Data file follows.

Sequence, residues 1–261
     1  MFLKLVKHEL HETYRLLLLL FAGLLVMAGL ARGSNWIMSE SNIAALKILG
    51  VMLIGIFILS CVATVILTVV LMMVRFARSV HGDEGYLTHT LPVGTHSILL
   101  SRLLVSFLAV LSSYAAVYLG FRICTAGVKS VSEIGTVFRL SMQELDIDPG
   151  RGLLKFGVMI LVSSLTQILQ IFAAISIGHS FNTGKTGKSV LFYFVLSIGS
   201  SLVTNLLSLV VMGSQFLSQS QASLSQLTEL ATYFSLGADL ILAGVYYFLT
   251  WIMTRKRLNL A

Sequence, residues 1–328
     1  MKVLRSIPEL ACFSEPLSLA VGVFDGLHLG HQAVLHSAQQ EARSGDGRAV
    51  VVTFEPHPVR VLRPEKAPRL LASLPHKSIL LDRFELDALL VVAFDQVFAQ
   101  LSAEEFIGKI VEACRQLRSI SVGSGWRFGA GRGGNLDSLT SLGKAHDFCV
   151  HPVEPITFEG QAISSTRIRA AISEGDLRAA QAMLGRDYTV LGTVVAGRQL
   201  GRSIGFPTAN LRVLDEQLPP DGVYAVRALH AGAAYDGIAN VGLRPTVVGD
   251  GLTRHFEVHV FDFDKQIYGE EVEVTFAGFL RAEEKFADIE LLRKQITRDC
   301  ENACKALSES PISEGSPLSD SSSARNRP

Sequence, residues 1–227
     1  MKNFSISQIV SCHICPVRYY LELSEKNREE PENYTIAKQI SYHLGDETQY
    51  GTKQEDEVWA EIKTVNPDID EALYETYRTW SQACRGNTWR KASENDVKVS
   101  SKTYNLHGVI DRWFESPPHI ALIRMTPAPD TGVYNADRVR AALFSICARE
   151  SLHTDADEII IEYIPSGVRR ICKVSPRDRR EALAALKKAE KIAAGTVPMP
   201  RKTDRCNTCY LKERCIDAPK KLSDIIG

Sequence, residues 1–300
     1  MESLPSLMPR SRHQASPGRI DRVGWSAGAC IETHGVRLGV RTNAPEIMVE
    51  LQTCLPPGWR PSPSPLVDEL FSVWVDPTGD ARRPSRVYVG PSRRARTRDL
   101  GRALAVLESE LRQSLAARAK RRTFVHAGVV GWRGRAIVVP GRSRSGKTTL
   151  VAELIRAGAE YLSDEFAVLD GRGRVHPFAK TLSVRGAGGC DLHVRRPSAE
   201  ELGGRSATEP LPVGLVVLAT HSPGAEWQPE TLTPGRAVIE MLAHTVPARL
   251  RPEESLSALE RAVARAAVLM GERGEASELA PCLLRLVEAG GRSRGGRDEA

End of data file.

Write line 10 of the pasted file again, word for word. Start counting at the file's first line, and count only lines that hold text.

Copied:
    51  VVTFEPHPVR VLRPEKAPRL LASLPHKSIL LDRFELDALL VVAFDQVFAQ